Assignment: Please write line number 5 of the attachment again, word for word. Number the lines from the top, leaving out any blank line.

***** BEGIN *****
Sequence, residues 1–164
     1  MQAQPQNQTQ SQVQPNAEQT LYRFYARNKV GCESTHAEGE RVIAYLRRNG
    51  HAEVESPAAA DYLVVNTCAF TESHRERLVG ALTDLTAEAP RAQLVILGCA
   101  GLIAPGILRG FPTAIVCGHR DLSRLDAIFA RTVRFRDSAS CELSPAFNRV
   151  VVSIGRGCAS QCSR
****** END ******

   151  VVSIGRGCAS QCSR